Directed by Will Canon.
Starring Trevor Morgan, Jon Foster, Lou Taylor Pucci, Arlen Escarpeta, Jesse Steccato and Jennifer Sipes.
When an initiation prank goes horribly wrong the members of a college fraternity desperately try to suppress the truth and take ever more desperate steps to cover their tracks, forcing one pledge to make a stand in order to save the life of a friend.
Maybe I’ve seen National Lampoon’s Animal House too many times, but to me there’s always been something idiotic about American college fraternities. Grown men engaging in homoerotic initiation rituals that typically involve the paddling of bare bottoms and such like all seems a bit odd quite frankly. However, while my understanding of the ‘frat house’ concept has mainly been formed by the aforementioned comedy classic, I can now add another film to that list, Will Canon’s feature debut Brotherhood. Going against the usual comedy grain to deliver a straight-up thriller, Brotherhood revolves around a fraternity initiation gone bad and really confirms the moronic nature of the whole subculture.
The film begins as two pledges, Adam (Trevor Morgan) and Kevin (Lou Taylor Pucci), prepare to complete the final phase of their initiation. Spurred on by alpha male Frank (Jon Foster) they are to jump out from a van and hold up a nearby convenience store for the princely sum of $19.10, a tribute to the year of the fraternity’s establishment. Only this being a ‘hazing’, the idea isn’t to commit a crime, but rather to test their devotion to the ‘brotherhood’ of Sigma Zeta Chi; someone is waiting outside to prevent them from entering the store and while everything goes smoothly for Adam, a mix-up results in Kevin taking a bullet to the shoulder as he attempts to hold-up cashier Mike (Arlen Escarpeta), a former high-school classmate.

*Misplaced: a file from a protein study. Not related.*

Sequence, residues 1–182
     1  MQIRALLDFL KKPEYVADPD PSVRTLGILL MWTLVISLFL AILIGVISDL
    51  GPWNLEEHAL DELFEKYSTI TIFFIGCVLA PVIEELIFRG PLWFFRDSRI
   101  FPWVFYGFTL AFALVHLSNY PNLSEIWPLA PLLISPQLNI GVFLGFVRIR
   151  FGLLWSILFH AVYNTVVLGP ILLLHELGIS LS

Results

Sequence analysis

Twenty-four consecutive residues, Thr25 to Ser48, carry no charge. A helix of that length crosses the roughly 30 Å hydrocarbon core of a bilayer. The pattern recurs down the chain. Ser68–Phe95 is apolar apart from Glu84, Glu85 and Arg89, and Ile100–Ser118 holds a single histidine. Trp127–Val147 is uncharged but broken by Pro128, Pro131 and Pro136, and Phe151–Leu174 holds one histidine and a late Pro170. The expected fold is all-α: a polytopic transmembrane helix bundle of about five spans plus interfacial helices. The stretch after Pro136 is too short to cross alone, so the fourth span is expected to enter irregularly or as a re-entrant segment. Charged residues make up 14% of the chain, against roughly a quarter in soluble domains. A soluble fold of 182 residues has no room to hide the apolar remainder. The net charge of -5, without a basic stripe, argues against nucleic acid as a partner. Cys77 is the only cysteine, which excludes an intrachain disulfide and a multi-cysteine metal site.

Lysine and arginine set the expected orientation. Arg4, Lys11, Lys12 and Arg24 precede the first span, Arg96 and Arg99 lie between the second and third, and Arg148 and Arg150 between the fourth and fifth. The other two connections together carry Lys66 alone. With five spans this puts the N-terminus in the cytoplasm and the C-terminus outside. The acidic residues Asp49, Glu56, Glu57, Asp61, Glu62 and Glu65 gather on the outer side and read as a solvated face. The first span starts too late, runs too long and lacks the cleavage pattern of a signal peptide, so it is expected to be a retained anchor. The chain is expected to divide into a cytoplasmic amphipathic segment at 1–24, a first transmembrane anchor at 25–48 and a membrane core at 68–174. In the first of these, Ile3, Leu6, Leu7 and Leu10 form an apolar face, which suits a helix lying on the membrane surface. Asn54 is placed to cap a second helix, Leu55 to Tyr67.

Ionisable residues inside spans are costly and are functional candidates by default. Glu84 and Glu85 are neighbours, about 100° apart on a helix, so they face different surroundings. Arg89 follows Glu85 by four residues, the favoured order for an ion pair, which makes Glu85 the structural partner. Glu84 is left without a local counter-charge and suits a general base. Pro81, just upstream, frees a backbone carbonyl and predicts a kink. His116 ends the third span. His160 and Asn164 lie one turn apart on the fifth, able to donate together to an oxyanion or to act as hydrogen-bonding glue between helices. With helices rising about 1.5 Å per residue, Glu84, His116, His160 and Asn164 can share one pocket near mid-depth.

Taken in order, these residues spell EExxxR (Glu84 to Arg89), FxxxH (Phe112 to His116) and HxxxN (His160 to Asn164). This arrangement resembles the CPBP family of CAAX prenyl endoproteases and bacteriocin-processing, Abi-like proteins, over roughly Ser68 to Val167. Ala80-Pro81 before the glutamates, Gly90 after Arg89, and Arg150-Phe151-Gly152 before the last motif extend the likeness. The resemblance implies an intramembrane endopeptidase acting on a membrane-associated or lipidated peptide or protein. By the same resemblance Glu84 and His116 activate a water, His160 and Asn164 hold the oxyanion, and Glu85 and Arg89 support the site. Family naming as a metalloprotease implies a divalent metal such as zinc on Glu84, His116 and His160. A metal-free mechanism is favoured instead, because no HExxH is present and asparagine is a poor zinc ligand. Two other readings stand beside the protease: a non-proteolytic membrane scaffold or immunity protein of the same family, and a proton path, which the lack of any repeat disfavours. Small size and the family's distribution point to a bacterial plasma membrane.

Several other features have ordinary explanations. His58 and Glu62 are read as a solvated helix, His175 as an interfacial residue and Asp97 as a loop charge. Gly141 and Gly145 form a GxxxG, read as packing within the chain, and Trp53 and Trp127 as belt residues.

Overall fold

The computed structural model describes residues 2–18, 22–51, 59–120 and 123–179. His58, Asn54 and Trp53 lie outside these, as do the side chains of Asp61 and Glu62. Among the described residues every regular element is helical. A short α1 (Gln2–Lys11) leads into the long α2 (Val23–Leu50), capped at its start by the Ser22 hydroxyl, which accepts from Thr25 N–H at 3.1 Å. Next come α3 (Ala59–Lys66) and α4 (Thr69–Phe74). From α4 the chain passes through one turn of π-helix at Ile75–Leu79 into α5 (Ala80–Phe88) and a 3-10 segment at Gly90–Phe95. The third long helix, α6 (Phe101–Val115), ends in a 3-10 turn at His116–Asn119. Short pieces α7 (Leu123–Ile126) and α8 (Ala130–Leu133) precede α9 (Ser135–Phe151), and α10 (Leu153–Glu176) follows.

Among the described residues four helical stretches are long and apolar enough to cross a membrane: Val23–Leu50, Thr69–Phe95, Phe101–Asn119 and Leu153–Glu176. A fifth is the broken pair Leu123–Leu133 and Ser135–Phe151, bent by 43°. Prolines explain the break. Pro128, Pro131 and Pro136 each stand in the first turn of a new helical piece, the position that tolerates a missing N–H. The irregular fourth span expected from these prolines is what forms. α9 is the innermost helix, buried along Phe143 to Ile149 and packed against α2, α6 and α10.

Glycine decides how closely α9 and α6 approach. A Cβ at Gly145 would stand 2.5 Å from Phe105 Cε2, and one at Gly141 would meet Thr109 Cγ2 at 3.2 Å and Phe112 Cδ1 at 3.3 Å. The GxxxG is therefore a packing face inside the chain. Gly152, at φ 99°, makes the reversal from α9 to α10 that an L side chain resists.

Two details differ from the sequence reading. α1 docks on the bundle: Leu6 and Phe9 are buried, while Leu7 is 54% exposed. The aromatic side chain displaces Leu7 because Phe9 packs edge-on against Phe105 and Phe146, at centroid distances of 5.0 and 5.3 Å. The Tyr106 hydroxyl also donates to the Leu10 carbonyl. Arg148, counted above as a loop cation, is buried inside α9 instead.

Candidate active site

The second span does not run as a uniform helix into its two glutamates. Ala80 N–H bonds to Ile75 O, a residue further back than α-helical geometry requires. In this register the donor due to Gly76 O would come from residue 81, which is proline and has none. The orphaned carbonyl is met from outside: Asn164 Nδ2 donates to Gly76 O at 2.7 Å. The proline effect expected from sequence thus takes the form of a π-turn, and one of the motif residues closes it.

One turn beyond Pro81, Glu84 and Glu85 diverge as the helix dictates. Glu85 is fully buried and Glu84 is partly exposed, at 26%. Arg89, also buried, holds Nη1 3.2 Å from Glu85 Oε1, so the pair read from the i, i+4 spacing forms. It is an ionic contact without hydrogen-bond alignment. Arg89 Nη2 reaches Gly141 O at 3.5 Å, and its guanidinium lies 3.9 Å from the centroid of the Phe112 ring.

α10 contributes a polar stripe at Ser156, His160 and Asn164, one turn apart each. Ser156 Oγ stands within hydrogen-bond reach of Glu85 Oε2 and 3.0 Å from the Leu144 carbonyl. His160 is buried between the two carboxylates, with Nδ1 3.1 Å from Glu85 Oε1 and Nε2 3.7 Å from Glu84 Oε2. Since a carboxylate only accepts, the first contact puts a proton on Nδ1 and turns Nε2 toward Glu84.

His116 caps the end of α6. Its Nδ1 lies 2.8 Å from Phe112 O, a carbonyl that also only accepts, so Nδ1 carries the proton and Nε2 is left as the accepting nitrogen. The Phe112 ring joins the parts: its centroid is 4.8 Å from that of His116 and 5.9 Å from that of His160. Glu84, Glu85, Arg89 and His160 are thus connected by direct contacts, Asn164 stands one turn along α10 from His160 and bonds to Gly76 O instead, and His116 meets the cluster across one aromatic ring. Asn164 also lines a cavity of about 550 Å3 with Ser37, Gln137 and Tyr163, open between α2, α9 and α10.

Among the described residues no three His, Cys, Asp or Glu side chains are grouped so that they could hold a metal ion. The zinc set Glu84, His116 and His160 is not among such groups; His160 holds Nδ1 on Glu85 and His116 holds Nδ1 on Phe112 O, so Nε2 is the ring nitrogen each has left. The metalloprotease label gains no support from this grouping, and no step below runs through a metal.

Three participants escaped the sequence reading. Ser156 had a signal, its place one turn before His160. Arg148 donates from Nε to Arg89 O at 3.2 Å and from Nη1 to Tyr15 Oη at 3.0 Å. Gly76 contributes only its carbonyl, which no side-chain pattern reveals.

Bleeding profusely, Kevin is in desperate need of medical attention but rather than facing up to the consequences of their foolish actions, Frank and his jock buddies opt to take him back to the frat house where a party is in full swing. Despite protests from Adam and medical student Bean (Jesse Steccato), Frank refuses to take Kevin to a hospital and puts into action plans to cover up the robbery at any cost, with each action digging them further into the mire. In their desperation to avoid jail they abduct Mike and tie him up in the basement, and it soon becomes a race against time to prevent things spiralling completely beyond their control.
Discussing the influences on his debut feature, director Canon pointed to the work of Joe Carnahan and Michael Mann, while a review from Inside Pulse likened Brotherhood to “an extended episode of The Shield”, a description which I feel is entirely appropriate. Running at just under 80 minutes, Brotherhood moves at a blistering, breakneck pace; from opening scene we are thrust right into the action and not a moment is wasted as each passing scene cranks up the tension, which is further enhanced by effective use of ‘shakycam’ and strong, believable performances from its cast (particularly Morgan, who has enjoyed quite an impressive career to date with roles in the likes of The Sixth Sense, Jurassic Park III and Mean Creek).
Brotherhood had quite a successful run on the festival circuit last year, picking up Audience Awards at SXSW and the Dallas International Film Festival, along with a Gotham Award nomination, losing out to eventual winner Waiting for Superman. Having enjoyed a limited theatrical run here in the UK earlier this month, Brotherhood now arrives on DVD (complete with filmmaker’s commentary, making of documentary and Roslyn, Canon’s 8-minute student short that inspired the feature) and is certainly worth checking out. It’s not earth-shattering by any means, but a capable debut from a promising talent.
Brotherhood is released on DVD in the UK today and will receive a limited theatrical run in the US from February 18th.
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